November 23, 1940 at Ohio State #7 Ohio StadiumColumbus, OH W 40–0   73,480
*Non-conference game. Homecoming. #Rankings from AP Poll released prior to game. All times are in Eastern Time.

Season summary

Week 1: at California

Week 1: Michigan at California
1 234Total
Michigan 7 14713 41
California 0 000 0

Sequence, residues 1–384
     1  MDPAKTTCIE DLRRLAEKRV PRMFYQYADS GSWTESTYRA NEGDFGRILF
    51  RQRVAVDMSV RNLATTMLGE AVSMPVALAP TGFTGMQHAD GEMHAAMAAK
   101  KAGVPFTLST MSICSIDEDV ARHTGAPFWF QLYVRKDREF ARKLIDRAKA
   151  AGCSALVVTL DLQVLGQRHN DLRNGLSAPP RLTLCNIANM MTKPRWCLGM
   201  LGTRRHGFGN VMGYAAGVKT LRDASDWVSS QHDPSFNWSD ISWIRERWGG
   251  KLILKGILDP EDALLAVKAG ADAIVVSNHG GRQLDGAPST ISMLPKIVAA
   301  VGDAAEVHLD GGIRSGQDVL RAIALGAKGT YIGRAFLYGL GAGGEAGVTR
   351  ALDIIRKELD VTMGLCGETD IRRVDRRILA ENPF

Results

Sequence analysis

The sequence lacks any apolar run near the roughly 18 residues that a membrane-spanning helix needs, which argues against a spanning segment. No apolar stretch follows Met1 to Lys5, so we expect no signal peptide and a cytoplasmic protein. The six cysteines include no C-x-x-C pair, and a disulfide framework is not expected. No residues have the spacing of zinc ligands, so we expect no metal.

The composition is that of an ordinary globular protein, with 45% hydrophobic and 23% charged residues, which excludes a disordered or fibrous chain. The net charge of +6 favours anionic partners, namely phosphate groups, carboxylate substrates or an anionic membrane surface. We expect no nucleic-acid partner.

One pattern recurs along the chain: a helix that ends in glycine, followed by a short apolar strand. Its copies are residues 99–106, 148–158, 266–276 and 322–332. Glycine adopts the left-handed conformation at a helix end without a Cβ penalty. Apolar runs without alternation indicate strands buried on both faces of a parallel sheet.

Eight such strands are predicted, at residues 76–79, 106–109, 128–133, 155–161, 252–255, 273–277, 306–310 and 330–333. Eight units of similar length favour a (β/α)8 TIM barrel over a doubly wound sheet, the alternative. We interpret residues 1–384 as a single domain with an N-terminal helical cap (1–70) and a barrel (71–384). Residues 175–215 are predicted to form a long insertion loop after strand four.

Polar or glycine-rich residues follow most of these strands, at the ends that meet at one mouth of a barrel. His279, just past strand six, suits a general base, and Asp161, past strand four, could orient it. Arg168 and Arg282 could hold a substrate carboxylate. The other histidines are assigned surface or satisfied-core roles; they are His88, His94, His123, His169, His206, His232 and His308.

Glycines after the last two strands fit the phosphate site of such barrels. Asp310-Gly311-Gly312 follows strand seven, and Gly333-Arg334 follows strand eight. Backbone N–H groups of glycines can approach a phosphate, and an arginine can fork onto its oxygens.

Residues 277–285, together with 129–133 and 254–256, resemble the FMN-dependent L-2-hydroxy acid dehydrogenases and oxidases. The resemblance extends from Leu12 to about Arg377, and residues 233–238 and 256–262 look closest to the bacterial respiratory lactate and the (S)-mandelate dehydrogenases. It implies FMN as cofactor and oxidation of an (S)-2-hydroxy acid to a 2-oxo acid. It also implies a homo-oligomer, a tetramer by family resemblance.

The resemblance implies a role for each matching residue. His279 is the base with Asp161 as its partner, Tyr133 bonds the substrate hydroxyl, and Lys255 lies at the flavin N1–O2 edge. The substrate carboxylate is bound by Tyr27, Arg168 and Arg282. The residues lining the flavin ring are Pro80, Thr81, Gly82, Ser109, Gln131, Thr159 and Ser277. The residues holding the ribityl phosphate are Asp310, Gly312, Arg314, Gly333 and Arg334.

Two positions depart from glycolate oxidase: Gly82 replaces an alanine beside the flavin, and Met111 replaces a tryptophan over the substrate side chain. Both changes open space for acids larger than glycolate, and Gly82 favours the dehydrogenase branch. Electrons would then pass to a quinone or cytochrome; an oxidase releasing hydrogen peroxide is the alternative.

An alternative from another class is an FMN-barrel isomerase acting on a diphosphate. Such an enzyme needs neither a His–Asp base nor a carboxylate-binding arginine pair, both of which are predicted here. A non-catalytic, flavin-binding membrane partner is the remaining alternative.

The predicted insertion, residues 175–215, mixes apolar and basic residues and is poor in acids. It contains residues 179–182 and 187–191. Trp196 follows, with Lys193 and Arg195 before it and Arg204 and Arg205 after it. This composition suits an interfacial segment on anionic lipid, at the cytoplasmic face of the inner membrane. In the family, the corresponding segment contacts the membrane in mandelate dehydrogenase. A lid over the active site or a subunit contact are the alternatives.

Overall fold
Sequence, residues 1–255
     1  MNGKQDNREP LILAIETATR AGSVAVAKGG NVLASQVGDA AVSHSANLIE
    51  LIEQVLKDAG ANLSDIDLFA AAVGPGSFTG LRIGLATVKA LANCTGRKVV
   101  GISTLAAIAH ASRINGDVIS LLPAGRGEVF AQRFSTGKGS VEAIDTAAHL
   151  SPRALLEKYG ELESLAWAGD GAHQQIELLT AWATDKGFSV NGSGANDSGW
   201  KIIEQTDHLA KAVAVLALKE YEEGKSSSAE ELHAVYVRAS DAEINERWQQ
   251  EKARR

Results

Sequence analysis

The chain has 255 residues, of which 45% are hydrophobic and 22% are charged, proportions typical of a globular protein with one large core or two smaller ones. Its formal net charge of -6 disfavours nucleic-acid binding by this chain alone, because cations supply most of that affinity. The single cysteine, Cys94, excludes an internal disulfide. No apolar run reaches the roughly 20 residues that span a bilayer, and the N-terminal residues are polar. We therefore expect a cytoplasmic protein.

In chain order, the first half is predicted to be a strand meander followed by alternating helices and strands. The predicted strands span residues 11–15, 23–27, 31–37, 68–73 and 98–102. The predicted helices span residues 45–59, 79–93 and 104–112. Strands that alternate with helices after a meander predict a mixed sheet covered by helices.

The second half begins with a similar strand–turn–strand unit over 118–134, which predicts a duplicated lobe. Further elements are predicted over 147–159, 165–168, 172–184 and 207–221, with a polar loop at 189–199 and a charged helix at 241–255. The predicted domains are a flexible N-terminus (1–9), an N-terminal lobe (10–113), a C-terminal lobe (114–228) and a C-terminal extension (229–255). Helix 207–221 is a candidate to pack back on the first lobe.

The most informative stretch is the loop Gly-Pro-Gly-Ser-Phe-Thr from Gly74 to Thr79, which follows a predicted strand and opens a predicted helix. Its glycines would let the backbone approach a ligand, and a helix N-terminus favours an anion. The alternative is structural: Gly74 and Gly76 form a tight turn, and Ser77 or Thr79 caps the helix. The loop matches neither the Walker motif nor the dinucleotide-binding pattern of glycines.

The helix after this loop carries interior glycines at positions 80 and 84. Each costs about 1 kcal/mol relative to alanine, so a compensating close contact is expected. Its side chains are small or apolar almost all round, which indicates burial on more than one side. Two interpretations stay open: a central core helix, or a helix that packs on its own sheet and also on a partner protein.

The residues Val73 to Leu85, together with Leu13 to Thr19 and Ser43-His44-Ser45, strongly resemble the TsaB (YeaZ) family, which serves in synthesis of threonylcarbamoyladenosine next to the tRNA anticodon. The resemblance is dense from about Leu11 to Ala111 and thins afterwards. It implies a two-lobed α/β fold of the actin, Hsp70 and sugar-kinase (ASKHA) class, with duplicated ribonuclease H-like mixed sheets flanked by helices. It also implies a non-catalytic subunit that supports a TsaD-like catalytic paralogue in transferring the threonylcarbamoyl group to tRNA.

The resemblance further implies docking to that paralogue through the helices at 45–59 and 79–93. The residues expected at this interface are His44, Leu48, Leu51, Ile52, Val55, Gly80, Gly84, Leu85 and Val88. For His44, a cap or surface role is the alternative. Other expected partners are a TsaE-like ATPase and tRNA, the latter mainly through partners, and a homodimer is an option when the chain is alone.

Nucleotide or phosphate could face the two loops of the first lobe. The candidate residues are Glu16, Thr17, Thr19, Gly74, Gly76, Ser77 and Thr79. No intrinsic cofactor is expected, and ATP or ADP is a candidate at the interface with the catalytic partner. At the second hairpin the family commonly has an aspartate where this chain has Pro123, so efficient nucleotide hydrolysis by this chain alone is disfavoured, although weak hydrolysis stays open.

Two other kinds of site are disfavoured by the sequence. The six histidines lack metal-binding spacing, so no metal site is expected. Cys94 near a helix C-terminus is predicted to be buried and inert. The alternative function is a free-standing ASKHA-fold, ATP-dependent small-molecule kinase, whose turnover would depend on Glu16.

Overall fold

Michigan opened the 1940 season on the road playing the California Golden Bears at Berkeley, California. Michigan won the game, 41-0, as the Michigan defense did not allow California to advance past midfield during the game. The big story of the game, however, was Tom Harmon. While celebrating his 21st birthday, Harmon scored four touchdowns, kicked four points after touchdown (PAT), and threw a touchdown pass to David M. Nelson. Harmon's first touchdown came on the opening kickoff, which he returned 94 yards. His second touchdown came in the second quarter on a 72-yard punt return in which he reportedly dodged and swerved from one side of the field to the other, running about 100 yards before reaching the end zone. His third touchdown was on an 85-yard run in the second quarter. During the third touchdown run, a spectator jumped from the stands and ran onto the field trying to tackle Harmon. Even the twelfth man, who was escorted off the field by police, could not stop Harmon from reaching the endzone. The Associated Press wrote that Harmon found California's defense "about as strong as a wet paper bag," noted that Harmon was "as hard to snare as a greased pig," and opined that the only reason Michigan's point total was not higher was that "Michigan's first-string players ran themselves into a complete state of exhaustion."[9]